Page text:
The best non-fiction covering the 'other' wars
January 9, 2011 12:04 PM   Subscribe

What are the best non-fiction books about the lesser known wars of the 20th century?

I know similar recommendation questions have been asked about the World Wars and the Cold War, but I'm more interested in the lesser known conflicts like the Rhodesian Bush War or the Coconut War.

I am personally more interested in the political and social elements of the conflicts than the tactical/military angle, but all recommendations are welcome.
posted by northerner to Society & Culture (6 answers total) 12 users marked this as a favorite
Alistair Horne's A Savage War of Peace: Algeria 1954-1962 is a brilliant book on the Algerian War.
posted by gyusan at 12:27 PM on January 9, 2011 [1 favorite]

Mukiwa: A White Boy in Africa by Peter Godwin is an account of Godwin's life from childhood in Rhodesia through the war, in which he served with the Rhodesian police, and the transition to Zimbabwe, after which he returned as an investigative journalist. Thoroughly recommended. Godwin's own webpage also has lists some of his other books about Rhodesia/Zimbabwe which may be of interest (which I was not aware of until searching for a link for this answer, and will now be seeking out).
posted by Jakey at 12:31 PM on January 9, 2011 [2 favorites]

The Soccer War by Ryszard Kapuscinski is a series of essays (primarily) about various skirmishes in the mid 20th-Century with a focus on Africa and Latin-America. They're not in-depth analyses, but well-written pieces of a few different places if that's kind of what you're looking for.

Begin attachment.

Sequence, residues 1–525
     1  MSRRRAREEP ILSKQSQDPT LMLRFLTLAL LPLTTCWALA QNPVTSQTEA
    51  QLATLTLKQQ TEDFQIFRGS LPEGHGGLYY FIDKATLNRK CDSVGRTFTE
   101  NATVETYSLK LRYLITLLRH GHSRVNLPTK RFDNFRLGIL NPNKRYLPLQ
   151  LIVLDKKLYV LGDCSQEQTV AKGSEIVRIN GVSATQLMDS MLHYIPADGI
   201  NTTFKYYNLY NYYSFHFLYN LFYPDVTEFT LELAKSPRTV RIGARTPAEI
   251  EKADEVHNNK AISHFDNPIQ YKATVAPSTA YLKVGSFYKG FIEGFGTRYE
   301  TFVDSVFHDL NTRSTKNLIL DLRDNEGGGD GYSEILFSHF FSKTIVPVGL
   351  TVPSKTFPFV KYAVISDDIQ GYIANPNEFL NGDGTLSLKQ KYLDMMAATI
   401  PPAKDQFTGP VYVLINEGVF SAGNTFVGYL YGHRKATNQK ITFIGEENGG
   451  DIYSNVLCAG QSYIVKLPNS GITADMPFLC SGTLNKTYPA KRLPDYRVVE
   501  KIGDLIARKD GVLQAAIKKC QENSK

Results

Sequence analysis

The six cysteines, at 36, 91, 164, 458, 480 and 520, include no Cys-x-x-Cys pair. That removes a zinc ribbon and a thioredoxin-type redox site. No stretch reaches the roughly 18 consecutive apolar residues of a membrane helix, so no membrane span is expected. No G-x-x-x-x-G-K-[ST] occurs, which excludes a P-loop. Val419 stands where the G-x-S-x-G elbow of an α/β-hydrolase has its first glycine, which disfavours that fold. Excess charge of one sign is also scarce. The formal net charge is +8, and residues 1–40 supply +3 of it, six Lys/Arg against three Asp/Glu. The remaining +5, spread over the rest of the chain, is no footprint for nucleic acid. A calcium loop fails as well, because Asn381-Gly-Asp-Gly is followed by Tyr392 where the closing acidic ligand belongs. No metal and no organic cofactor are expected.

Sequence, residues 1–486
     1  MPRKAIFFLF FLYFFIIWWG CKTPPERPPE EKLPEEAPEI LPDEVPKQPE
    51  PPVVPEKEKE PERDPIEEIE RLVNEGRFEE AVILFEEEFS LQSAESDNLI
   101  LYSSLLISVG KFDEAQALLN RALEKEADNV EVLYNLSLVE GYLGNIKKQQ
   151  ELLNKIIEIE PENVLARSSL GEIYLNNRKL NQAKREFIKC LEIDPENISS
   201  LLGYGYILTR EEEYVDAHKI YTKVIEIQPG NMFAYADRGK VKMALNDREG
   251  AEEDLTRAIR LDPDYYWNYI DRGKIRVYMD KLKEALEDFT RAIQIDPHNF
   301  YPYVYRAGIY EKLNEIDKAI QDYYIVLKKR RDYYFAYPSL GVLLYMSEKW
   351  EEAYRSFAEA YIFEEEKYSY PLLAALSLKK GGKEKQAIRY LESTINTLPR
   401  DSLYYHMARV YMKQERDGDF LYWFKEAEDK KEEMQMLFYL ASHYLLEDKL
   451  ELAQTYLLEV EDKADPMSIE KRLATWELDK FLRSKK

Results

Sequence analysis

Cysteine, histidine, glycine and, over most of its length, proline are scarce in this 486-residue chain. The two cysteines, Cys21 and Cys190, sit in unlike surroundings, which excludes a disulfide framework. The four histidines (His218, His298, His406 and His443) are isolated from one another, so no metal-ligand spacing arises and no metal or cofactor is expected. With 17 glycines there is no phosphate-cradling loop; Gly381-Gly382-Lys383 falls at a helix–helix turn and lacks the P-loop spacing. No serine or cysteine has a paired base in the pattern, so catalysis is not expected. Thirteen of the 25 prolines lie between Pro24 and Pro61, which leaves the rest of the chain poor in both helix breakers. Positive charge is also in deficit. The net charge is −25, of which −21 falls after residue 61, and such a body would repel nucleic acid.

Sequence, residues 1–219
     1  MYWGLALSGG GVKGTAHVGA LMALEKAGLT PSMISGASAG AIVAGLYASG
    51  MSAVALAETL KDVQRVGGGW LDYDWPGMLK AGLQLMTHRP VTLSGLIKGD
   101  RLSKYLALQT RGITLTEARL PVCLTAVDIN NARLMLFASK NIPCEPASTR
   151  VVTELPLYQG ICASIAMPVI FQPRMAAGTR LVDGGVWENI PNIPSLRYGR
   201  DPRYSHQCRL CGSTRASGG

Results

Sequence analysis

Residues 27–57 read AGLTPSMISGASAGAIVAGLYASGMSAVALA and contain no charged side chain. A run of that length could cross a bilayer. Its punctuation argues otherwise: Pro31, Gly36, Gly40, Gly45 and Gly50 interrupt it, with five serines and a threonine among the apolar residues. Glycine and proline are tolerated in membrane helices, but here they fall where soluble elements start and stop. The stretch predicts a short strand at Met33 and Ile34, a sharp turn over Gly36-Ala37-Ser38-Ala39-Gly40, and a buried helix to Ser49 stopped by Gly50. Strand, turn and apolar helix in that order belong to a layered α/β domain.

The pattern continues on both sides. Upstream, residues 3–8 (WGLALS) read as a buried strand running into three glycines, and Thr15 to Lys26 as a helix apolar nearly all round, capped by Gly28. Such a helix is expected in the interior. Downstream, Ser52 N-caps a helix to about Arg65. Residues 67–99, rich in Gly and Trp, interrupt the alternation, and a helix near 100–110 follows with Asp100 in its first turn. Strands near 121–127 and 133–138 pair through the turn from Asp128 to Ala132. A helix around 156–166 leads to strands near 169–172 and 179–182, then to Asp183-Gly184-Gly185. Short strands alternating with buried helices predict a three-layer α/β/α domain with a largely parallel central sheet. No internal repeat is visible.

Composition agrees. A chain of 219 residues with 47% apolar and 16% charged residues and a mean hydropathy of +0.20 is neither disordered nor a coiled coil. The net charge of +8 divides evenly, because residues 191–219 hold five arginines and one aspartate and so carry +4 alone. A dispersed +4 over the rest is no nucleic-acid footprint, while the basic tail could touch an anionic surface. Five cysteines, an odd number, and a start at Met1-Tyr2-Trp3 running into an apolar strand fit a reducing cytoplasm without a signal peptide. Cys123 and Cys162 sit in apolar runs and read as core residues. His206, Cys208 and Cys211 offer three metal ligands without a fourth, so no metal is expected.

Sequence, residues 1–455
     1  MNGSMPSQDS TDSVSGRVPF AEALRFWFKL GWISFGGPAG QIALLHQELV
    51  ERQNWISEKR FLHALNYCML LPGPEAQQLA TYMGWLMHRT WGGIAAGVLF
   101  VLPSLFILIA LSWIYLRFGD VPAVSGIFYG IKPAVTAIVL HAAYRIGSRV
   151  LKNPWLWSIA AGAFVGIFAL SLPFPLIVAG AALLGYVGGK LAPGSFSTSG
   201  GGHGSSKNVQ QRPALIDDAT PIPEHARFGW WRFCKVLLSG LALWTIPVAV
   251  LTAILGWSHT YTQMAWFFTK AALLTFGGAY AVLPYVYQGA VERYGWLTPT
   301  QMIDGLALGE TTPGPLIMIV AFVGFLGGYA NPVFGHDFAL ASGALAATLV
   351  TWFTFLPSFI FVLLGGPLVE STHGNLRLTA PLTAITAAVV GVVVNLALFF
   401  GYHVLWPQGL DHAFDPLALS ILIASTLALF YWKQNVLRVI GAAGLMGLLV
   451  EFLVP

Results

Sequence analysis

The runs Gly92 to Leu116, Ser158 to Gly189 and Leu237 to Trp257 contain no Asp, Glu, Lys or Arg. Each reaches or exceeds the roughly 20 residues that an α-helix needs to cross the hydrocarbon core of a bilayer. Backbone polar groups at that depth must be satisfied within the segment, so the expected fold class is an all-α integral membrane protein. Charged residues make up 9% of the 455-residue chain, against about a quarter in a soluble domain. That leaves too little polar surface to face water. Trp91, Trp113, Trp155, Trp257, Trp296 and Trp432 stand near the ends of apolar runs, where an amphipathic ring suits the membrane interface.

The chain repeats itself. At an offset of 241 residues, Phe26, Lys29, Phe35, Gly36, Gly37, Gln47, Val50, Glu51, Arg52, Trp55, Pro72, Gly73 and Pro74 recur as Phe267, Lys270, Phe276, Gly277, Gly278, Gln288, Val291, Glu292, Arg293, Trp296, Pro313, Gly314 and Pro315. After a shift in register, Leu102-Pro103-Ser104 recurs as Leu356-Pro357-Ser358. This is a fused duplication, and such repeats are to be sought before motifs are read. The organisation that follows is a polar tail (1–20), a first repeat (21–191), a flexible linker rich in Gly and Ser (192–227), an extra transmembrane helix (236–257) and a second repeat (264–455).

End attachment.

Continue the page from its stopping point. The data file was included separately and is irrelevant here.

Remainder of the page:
posted by Ufez Jones at 12:44 PM on January 9, 2011 [1 favorite]

Weakness and Deceit: U.S. Policy and El Salvador by NYT reporter Raymond Bonner was a pretty good look at the earliest phases of U.S. involvement in the 12 year conflict that decimated El Salvador's from 1979 to 1991. Published in 1984, the book misses some of the darkest later episodes of the El Salvador tragedy, including the worst abuses of later death squads, but it does illustrate how such conflicts could move from "minor" to "hot" as a foreign policy issue for a "great power," when said great power prefers simply to ignore early signs of political unrest and excess.
posted by paulsc at 12:50 PM on January 9, 2011

The Immaculate Invasion - about US military intervention in Haiti in 1994
posted by Flood at 1:56 PM on January 9, 2011

Trotsky: The Balkan Wars 1912-13. Superb reportage; I wish he'd stuck to journalism instead of moving on to mass murder.
posted by languagehat at 2:31 PM on January 9, 2011

« Older What did Fox leave on my desktop?   |   Do you have your rental agreement? I threw it... Newer »
This thread is closed to new comments.